Today marks Giving Tuesday 2014. It is well known that giving comes from the heart and is not typically financially motivated, but it doesn’t hurt to receive a little benefit when your tax liability is reduced. Taxes and charitable giving are unique to the individual. Since these recommendations might not be appropriate for everyone, always check with a professional advisor before making any final decisions.
Donating Appreciated Stock
Starting with the basics, you can typically donate appreciated stocks and mutual funds directly to a charity equipped to accept them. If you want to make several gifts to multiple recipients consider opening a donor advised fund with either Charles Schwab or Fidelity Investments. The donation to a donor advised fund is tax deductible in the year deposited to the account. If you want to make several donations or you aren’t sure which charity you want to give to, the donor advised fund is ideal. For more information on donor advised funds please visit the Charles Schwab and Fidelity Investments websites by clicking the links below.
Qualified Charitable Distributions
The provision that allowed investors 70 ½ and to give up to $100,000 directly to charities from their individual retirement accounts tax free while satisfying all or a portion of their RMDs (Required Minimum Distributions), expired at the end of 2013. As of right now, this provision does not exists for 2014. There is absolutely no guarantee that Congress will bring this provision back, but in the event they do, it’s possible they could decide to make it retroactive to the date it had previously expired as they have done in the past. IF this occurred, any qualifying charitable contributions from your IRA during that period could potentially qualify as a qualified charitable distribution. If you are over age 70 1/2 and make a charitable contribution from your IRA, and they do not retroactively reinstate the provision, the distribution is taxed as ordinary income like any other distribution from your account. Best case scenario, Congress reinstates the provision retroactively and your prior distributions during that period are deemed to be tax free.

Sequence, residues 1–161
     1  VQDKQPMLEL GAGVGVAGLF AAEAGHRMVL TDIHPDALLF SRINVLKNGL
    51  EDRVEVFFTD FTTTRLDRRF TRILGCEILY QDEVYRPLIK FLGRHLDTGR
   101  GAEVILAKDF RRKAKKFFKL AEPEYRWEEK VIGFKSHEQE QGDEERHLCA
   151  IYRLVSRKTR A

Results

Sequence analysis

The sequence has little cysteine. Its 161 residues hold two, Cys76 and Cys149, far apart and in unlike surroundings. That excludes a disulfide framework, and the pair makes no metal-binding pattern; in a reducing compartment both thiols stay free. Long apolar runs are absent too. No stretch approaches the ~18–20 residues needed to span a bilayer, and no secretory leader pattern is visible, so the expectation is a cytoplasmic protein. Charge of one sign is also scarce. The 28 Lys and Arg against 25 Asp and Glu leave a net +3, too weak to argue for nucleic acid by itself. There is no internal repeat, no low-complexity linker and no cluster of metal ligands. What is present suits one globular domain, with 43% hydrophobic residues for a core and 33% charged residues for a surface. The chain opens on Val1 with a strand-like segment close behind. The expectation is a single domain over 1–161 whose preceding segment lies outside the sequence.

Annual Gift Exclusion
In 2014, a single person can give up to $14,000 per recipient and a couple can give up to $28,000 without running into gift tax issues. If you were planning to give a family member a gift, consider giving appreciated stock or mutual fund to those who are in the 10% or 15% tax brackets. Individuals with income up to $36,900 and couples with income up to $73,800 fall in these brackets. The recipients will assume the giver’s cost basis but because they fall in the lowest two tax brackets they will have a 0% capital gains tax rate when selling the appreciated stock or mutual fund. One consideration before doing this is to explore the possibility of paying tax on investment income under the “kiddie tax” provision. Check with a tax professional if you’re unclear whether this applies.
Three years of market appreciation has hopefully left your portfolio with a number of appreciated assets. Before giving cash, consider your options and look to your investments as a source for gifts. You might be pleasantly surprised. Happy giving!